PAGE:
Kahalu‘u Bay in Kona is intensely used as a recreation area due to its ease of access and high coral and fish diversity. According to a County Lifeguard and UH Sea Grant Program count, Kahalu‘u Bay experiences over 400,000 users a year—just during peak daylight hours. Unfortunately, many visitors do not understand what coral is and how they can minimize their impact on coral and the other organisms found on the reef. Research has confirmed that overuse and trampling of live corals is degrading the ecosystem.
The ReefTeach Program at Kahalu‘u Bay aims to educate visitors and residents alike on how to avoid damaging corals and take care of turtles and reef animals. ReefTeach is a volunteer powered program that was initiated in 2000 by the University of Hawaiʻi Sea Grant College Program for West Hawaiʻi. In 2006 the U.H. Sea Grant College Program was joined by another strong partner, The Kohala Center, and ReefTeach has continued to expand into a visible, robust, and effective reef protection program.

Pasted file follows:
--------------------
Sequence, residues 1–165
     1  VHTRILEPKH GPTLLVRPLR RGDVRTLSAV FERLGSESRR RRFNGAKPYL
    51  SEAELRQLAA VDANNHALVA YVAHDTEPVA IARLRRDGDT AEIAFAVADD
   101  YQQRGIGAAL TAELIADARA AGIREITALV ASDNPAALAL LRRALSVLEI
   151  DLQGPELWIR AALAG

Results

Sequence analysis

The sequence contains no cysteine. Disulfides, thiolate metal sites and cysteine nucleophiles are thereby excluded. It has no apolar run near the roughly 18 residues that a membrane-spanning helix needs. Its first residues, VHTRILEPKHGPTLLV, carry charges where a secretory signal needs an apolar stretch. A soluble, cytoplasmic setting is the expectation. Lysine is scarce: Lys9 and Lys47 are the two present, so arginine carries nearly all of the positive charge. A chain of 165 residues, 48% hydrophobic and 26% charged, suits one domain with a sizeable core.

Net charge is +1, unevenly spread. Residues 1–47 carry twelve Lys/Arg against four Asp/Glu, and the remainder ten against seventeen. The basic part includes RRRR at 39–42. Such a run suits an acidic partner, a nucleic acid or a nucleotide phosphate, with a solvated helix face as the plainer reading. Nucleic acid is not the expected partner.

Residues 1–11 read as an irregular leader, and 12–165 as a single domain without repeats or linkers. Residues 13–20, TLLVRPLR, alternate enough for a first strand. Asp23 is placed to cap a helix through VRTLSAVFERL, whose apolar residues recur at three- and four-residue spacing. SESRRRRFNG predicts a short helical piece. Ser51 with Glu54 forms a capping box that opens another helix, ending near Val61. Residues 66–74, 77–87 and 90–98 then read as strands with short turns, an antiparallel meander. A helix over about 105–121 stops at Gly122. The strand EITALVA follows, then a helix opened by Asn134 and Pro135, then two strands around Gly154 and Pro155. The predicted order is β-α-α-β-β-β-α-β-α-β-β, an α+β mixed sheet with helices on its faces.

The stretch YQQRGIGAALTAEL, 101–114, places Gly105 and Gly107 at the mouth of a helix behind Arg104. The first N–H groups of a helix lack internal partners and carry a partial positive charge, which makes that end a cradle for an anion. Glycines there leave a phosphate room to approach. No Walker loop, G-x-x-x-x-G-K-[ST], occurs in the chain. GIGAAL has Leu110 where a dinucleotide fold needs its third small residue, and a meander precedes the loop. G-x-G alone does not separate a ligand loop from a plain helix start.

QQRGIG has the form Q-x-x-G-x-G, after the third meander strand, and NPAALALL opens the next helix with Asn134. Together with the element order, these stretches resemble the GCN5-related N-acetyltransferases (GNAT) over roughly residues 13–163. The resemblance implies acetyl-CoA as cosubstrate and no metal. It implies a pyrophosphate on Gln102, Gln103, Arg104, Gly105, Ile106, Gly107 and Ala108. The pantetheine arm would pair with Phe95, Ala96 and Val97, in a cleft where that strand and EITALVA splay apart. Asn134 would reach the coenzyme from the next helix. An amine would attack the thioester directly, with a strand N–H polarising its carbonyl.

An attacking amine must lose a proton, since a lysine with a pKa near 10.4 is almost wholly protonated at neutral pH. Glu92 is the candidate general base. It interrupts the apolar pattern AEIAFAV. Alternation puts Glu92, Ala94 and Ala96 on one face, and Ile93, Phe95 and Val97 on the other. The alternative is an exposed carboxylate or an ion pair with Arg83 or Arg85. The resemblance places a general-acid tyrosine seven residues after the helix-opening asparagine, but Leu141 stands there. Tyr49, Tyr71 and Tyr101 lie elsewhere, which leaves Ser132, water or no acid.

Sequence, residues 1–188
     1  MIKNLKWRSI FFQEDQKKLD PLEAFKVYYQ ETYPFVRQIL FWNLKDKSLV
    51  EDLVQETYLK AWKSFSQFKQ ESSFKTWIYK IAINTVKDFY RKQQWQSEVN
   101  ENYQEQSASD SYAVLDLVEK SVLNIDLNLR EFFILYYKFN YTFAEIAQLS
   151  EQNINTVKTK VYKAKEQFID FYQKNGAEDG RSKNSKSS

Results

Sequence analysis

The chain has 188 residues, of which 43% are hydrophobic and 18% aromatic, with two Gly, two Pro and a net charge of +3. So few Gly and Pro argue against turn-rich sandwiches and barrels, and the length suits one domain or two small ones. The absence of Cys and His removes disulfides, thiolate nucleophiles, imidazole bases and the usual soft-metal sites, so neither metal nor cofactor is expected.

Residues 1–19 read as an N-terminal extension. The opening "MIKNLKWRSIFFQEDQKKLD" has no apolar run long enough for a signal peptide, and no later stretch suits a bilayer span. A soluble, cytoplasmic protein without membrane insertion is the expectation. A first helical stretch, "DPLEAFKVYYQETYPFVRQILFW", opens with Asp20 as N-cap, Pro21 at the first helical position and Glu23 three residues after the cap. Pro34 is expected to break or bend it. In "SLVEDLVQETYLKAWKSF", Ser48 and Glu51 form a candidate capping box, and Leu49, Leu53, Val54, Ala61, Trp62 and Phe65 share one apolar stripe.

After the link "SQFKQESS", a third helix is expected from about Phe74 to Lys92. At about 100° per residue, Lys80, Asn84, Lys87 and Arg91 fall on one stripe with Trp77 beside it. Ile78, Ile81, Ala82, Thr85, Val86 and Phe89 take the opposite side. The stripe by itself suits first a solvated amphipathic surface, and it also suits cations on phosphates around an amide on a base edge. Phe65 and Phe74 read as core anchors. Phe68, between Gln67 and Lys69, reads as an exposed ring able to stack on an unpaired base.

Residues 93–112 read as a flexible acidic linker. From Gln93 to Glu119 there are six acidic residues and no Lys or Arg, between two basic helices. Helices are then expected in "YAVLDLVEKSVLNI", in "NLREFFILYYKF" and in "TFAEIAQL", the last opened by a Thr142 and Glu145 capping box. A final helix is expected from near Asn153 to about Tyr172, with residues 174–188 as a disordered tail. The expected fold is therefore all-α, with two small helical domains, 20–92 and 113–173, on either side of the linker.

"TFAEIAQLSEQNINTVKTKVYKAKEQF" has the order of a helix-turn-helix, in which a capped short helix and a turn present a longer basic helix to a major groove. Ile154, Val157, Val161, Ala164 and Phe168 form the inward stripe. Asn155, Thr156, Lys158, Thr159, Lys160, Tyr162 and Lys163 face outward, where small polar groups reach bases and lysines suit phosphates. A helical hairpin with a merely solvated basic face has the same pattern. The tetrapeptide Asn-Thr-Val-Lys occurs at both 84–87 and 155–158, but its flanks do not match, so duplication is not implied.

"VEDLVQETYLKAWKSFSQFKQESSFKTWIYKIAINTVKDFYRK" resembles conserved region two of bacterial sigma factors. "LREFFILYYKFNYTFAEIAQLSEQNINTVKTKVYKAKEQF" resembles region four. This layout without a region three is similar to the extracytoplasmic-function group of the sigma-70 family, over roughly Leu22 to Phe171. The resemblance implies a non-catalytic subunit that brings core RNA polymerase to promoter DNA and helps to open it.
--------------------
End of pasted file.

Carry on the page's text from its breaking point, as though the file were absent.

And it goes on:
Today, well-trained and dedicated ReefTeach volunteers of all ages educate visitors about what corals are, about the different types of fish and invertebrates in the bay, and about the ecology of the reef. They also inform visitors and residents of turtle basking behavior and help reduce disturbances to turtles in the bay.
Data collected during the program has proven the effectiveness of teaching snorkelers and swimmers to be non-destructive reef visitors. Our studies show that 80% of the users of the bay not taught by ReefTeachers will step and stand on coral. Of those taught by ReefTeachers, studies show that 20% will step on coral but only by accident for a few seconds in attempts to keep balance because of wave action.
Join Us! Become a volunteer, or contact Jean BevanMarquez for more information. Download our ReefTeach brochure.